The Defense Department has an opportunity today to capitalize on the investments made in directed energy over the last four decades, but must focus on smaller, more obtainable weapons projects than in the past, said defense analysts with the Center for Strategic and Budgetary Assessments Thursday. “Let’s not let perfect get in the way of the perfectly good,” said Mark Gunzinger, CSBA senior fellow who authored Changing the Game: The Promise of Directed-Energy Weapons, released April 19. Together with co-author Chris Dougherty, a CSBA research fellow, Gunzinger briefed the press at the think tank’s Washington, D.C., offices. Gunzinger thinks the Navy will be the first to “leap over the valley of death” with directed energy—moving from concept to real-world capability. He said the sea service has expressed “a lot of interest” in ship-based solid-state lasers to counter air and surface threats. The Air Force, he noted, “is very interested in putting a high-powered microwave weapon on a cruise missile so that it could hit scores of targets on each sortie.” Past failures and a reluctance, or inability, to invest in the upfront cost of moving DE programs into the acquisition realm are the biggest barriers to success, said Gunzinger. (See also High-Powered Microwave Weapon Tested.)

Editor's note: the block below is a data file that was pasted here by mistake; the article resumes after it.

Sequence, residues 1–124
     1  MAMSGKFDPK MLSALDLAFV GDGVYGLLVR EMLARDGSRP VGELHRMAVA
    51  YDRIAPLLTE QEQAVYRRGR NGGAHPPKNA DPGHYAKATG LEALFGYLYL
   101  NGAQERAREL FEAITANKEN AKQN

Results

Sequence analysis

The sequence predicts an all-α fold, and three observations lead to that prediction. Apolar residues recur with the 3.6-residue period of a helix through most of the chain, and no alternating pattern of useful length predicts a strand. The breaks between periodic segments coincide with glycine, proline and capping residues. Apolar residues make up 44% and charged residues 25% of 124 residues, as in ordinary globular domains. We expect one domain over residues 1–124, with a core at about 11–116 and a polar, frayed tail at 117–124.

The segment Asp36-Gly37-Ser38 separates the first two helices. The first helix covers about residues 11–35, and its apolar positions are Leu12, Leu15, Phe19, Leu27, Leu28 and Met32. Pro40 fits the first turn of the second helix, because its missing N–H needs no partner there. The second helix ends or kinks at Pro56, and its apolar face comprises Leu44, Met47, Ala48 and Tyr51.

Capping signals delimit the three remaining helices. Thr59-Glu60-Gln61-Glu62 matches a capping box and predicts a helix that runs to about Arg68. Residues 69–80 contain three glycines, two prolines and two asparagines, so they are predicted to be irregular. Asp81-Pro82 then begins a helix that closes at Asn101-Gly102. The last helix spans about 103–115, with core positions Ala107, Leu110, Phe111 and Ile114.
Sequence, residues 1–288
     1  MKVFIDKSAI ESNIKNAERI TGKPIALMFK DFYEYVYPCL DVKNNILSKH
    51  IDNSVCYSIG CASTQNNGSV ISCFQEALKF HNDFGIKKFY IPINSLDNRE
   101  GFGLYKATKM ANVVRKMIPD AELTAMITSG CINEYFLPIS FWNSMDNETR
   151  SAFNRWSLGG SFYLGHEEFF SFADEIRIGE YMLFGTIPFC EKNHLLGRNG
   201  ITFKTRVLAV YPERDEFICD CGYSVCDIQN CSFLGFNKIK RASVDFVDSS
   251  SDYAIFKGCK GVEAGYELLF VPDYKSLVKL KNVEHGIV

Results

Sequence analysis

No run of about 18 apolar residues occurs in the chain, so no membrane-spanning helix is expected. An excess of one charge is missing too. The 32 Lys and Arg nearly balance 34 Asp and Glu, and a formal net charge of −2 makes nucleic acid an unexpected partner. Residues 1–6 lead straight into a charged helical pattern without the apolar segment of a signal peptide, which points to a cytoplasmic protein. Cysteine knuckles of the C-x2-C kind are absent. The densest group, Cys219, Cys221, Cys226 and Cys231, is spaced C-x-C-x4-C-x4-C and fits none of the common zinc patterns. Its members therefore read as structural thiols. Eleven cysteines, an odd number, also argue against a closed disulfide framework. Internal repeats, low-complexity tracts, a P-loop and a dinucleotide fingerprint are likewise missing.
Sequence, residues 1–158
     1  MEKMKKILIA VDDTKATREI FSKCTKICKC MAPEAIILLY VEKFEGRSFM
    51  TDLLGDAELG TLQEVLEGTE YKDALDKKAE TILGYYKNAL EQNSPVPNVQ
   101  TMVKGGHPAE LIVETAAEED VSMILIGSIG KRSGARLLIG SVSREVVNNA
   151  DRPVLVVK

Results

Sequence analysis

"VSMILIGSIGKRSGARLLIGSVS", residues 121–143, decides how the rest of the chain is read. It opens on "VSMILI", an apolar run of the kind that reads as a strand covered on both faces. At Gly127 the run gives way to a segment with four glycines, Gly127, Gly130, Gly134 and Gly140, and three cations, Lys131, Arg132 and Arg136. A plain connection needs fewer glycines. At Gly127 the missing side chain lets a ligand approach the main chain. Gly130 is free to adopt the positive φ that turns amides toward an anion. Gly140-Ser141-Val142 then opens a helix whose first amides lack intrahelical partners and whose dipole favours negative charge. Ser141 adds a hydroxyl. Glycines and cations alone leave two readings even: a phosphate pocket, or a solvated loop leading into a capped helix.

Rumored cuts to the F-35 from the fiscal 2025 defense budget—six from Air Force plans—would not be offset by recent Foreign Military Sales, and will disrupt ongoing Lot 19 negotiations, Pentagon and industry sources said.